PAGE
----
Living in a 1920s-vintage neighborhood in the city means garages are small, if they exist at all.
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Inside Dan Swanson's shop.
Reclaimed flooring and a corrugated metal ceiling reduced construction costs while adding a nostalgic, industrial feel to the workshop.
Floor plan of Dam Swanson's house.

Living in a 1920s-vintage neighborhood in the city means garages are small, if they exist at all. So Dan Swanson considered the two-car garage on his midtown Memphis city lot a luxury.

Front view of Dan Swanson's shop
Originally a two-car garage with an attached cottage, Dan extended the garage structure to its 37×19' footprint while keeping the guest cottage intact.
Inside Swanson shop, showing comfy corner.
Dan tucked a rest haven into one corner. He and his wife often take breaks and relax in this cozy spot.

Even at that, Dan realized the garage was too small to meet his requirements for a workshop. So, he poured a slab in front of the garage, built an addition, and used a laminated beam to span the original opening. Traditional construction calls for wood collar ties across the top plates of opposing walls to prevent them from bowing out. However, Dan was after a more open feel, so he had a local metal shop fabricate steel rods and turnbuckles to tie the walls together.

Dan covered the floor of the shop with a moisture barrier, two inches of rigid foam insulation, then a layer of 34 " plywood subfloor with reclaimed oak flooring.

Showing wooden boards with tools on.
Clamshell-style cabinets Dan built for his tools double the storage space while keeping items readily accessible.
Inside of shop with two workbenches.
To maximize wall space Dan opted to not install additional windows. Four skylights and several daylight LED warehouse fixtures provide plenty of illumination.

He sprayed foam on the interior walls and ceiling, then covered the walls with painted T1-11 sheathing. That means he doesn't have to always find a stud when mounting cabinets and tool racks, though he still tries to screw into wall studs where possible. Recycled steel corrugated panels line the vaulted ceiling. Dan was pleasantly surprised that the metal didn't amplify the noise level in the shop.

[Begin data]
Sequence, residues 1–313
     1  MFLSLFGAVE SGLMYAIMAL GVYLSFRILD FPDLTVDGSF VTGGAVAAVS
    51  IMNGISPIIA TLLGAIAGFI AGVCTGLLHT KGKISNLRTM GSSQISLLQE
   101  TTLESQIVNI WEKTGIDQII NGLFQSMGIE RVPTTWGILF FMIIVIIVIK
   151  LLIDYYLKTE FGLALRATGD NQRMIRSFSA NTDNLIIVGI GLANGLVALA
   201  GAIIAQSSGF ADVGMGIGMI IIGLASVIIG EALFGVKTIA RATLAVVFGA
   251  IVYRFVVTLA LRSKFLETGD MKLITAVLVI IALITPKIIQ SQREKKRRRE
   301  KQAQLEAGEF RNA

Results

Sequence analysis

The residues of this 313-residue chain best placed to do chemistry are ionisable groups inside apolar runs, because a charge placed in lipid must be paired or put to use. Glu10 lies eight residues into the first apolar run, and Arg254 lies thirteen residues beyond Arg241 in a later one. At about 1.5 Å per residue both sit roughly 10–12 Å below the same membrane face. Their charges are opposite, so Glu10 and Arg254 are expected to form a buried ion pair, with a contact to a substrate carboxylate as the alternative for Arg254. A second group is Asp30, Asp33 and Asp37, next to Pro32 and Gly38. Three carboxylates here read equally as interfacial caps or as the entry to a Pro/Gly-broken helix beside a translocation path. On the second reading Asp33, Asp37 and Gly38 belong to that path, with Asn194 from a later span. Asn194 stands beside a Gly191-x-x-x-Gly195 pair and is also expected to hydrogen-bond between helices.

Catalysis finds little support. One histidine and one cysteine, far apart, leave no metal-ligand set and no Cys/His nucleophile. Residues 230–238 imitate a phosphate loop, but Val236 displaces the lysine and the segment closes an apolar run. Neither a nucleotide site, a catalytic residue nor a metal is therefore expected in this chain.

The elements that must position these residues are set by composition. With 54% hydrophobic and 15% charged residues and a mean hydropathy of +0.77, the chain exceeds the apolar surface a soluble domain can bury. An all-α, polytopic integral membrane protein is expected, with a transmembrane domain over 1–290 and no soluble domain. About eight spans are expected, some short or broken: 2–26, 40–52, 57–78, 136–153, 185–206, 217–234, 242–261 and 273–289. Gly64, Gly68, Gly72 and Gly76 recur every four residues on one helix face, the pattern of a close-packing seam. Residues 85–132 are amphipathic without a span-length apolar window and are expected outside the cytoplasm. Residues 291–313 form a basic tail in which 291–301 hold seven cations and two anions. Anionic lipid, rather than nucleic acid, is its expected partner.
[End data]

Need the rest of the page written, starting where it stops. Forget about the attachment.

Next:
A 100-amp subpanel from the 200-amp main panel in the house provides electricity. Dan mounted most of the receptacles 4' above the floor for convenience. An Amana 15,000-BTU heat pump takes care of heating and cooling the shop.

Walking through the double doors, you face Dan's tablesaw. He included storage underneath the large outfeed table and tucked his router table behind the tablesaw, next to the outfeed table. Dan made an air-filtration system using an old furnace blower. It resides in a cabinet that doubles as a tablesaw wing extension.

Shelves with plans, chisels and hand tools on it.
Dan built this well-organized till to provide easy access to his hand tools. He says he wants to learn how to use them more often in his woodworking projects.
Cabinet with bulletin board above it.
A salvaged base cabinet from an old church serves as a handy worksurface. Wall space above gives Dan plenty of real estate for more storage.

Press deeper into the shop and you'll find a pair of traditional woodworking benches: one he built, and another he completed from a benchtop his father made. Dan built a mobile, dedicated sharpening and buffing station in addition to a cart to house the hot-dog-style air compressor, hoses, and accessories.

Dan included his father's shop-built scrollsaw in his collection of tools. In one corner he keeps a collection of books and magazines next to a desk made by a friend.

In another corner, next to the entrance to the shop, Dan created a seating area. His wife often brings out a beverage and a cheese tray on Saturday afternoons. "That's my cue to quit," he says. In nice weather, they open the double doors and "enjoy the waning day."

Dan Swanson inside his shop.

After working behind a desk as an attorney, Dan Swanson likes to unwind in his spacious workshop.